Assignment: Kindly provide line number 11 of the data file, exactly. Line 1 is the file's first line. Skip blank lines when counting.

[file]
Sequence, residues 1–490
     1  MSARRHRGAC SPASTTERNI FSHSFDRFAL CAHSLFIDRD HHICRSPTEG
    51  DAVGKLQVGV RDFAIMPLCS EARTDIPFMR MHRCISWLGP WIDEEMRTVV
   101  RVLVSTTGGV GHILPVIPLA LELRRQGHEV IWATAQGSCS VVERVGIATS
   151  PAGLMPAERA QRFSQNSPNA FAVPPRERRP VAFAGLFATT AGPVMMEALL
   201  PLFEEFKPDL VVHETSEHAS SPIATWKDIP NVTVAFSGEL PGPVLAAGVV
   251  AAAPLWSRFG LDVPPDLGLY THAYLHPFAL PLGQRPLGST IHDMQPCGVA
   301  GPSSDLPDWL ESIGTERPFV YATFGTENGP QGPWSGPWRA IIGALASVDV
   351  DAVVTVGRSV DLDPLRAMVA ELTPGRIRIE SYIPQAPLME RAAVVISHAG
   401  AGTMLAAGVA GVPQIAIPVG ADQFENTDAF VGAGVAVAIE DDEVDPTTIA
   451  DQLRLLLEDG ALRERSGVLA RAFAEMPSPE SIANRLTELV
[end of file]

   451  DQLRLLLEDG ALRERSGVLA RAFAEMPSPE SIANRLTELV